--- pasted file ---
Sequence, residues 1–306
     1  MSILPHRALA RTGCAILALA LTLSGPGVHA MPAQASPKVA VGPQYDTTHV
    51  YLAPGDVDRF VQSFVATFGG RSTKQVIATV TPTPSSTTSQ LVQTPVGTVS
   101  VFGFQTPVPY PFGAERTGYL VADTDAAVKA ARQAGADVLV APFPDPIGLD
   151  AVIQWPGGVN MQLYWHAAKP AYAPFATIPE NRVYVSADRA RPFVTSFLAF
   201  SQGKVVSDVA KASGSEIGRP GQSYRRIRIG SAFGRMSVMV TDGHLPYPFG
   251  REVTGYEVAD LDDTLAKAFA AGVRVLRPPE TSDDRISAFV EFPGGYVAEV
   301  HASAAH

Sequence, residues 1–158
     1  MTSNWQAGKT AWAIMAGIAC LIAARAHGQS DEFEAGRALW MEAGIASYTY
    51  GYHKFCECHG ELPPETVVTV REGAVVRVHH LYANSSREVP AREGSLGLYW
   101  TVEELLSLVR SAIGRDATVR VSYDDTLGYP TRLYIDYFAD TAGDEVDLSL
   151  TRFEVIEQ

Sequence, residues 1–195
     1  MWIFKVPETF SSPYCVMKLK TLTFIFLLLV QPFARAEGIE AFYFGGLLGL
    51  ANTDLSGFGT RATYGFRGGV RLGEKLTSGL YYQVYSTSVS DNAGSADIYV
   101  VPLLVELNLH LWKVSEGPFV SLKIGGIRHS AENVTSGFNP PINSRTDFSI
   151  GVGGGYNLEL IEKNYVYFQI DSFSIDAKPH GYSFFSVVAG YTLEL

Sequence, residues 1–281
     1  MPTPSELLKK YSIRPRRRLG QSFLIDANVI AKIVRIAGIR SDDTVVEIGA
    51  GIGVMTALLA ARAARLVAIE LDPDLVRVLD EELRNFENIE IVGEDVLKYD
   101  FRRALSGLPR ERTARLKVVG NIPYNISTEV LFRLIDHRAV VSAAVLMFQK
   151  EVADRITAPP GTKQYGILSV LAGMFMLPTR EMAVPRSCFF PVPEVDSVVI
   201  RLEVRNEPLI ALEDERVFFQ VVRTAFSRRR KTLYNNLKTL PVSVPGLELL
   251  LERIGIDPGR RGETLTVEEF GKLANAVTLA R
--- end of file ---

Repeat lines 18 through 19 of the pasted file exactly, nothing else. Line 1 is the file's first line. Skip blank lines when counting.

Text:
   151  GVGGGYNLEL IEKNYVYFQI DSFSIDAKPH GYSFFSVVAG YTLEL

Sequence, residues 1–281